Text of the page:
In the absence of good governance, there appeared many vulnerabilities hurting the state and its masses as practiced and witnessed today. Advent of multiple divergences based on ethnicity, sectarianism, factionalism and many other dissipating factors are the outcome of a wanting good governance.
Besides, the ‘existence of massive corruption, lack of accountability, institutional clashes, constitutional crisis, poor law and order conditions’ all have their origin in the bad governance or at least absence of good governance.
The element of corruption has deeply embedded into the state’s apparatus and most of the state’s institutions, badly affecting the society through a top-down approach.
Over the last three decades, this undesired element has created a state of insecurity and chaos among the masses.
Since the evil has its origin in the elite class (the ruling few) therefore, corrective measures were wrongly traced at the bottom bulk (the masses).
They just had to follow their bosses, who neither considered it as an immoral act nor ever tried to stop it.
Today this evil is deep-rooted with many forms and manifestations; difficult to be removed from state and society alike where each blaming the other and no one ready to abandon it.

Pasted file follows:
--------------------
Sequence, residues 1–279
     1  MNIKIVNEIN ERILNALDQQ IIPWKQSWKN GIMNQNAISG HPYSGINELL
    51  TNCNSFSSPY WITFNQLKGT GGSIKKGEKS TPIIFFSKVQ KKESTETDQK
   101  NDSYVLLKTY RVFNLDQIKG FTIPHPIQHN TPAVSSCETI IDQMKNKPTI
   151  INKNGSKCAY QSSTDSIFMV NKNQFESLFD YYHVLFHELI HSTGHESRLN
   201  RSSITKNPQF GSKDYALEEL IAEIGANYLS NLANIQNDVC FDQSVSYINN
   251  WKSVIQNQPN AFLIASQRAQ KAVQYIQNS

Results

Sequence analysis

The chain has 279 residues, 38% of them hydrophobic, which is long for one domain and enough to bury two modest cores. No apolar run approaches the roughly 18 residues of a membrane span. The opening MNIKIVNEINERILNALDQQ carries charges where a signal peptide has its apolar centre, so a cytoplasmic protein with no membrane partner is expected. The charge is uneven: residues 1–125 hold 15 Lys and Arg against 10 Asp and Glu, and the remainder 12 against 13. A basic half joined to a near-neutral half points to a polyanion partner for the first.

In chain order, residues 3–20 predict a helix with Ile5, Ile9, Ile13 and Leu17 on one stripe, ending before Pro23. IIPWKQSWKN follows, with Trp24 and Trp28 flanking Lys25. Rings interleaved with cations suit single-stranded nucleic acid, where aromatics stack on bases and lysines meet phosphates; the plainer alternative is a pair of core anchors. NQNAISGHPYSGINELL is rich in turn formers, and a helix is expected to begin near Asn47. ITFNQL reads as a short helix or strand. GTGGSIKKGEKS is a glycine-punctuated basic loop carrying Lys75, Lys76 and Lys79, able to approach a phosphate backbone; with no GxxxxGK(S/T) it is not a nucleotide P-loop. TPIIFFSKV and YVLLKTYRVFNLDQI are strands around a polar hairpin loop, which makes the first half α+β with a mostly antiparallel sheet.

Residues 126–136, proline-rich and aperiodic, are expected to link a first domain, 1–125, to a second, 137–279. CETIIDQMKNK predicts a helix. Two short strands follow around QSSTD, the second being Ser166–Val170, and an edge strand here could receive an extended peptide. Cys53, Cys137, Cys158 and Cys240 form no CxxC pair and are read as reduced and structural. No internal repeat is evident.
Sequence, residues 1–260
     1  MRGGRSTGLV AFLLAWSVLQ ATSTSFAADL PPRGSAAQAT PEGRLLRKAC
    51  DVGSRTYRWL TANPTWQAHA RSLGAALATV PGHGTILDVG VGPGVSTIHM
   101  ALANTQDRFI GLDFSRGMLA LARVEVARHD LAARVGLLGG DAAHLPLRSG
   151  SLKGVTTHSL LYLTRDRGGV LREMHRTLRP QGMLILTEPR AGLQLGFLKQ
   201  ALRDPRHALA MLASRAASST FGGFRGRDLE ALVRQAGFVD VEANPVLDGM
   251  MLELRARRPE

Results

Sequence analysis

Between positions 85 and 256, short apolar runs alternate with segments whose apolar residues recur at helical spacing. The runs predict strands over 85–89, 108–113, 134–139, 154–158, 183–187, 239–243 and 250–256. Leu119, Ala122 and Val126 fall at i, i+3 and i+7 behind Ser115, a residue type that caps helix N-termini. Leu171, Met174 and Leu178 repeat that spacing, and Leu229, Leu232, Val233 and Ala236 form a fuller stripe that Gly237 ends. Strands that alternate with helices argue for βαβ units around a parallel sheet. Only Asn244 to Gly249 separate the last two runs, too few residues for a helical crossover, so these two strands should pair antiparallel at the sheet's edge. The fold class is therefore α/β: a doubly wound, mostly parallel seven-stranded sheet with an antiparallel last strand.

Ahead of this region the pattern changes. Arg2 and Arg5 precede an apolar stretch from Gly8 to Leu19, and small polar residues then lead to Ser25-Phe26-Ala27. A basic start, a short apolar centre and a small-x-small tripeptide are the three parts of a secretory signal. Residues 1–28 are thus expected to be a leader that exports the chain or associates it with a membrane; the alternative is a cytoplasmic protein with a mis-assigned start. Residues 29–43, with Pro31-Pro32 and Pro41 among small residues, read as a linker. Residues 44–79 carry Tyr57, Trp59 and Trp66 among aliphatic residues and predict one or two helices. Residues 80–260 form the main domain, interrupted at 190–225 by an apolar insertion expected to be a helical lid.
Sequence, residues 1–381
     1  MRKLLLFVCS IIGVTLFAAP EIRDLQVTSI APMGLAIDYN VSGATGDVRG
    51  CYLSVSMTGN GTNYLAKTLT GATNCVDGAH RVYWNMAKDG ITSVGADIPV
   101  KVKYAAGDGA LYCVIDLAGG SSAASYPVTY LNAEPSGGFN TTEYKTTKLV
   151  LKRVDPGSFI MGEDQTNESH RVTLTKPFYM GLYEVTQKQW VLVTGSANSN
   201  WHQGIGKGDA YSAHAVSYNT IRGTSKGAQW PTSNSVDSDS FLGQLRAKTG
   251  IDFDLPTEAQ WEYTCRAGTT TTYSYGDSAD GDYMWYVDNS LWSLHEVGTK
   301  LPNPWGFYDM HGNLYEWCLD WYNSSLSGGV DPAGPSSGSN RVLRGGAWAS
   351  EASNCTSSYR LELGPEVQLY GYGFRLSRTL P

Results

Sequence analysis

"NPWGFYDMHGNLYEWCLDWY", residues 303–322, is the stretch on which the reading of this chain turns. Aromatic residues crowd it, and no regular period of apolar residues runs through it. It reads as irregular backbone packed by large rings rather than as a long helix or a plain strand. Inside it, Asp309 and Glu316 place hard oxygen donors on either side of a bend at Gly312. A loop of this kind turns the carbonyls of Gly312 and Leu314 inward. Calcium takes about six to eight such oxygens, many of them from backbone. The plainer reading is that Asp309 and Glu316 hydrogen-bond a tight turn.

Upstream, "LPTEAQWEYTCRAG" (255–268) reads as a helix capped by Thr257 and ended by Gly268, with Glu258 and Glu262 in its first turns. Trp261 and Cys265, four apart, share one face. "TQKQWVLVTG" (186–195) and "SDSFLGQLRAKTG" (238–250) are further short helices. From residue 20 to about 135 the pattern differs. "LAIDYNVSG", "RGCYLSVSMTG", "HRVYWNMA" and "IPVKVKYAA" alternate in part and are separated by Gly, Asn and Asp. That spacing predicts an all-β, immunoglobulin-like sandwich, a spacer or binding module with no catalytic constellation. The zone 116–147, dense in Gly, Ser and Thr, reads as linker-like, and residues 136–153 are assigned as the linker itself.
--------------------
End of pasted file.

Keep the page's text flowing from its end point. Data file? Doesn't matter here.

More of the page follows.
Since bulk of the elite class and their cronies are product of this corruption, therefore no one is ready to undergo an accountability process.
Whatever being witnessed today is nothing else other than the cosmetic and rhetoric. The unfortunate part of this entire episode is the rhetoric being played in the most unprofessional manner.
While accusing the rivals, the former rulers (still elites) and contemporary elites blame each other for corruption, mismanagement, lootings, poor governance and falsification but, no one is ready for accountability.
The process of accountability is only meant for politically targeting the rivals without any tangible achievements.
The elite in Pakistan forget that they have some responsibilities towards state, masses and more so to bring reforms in the system for impartial accountability.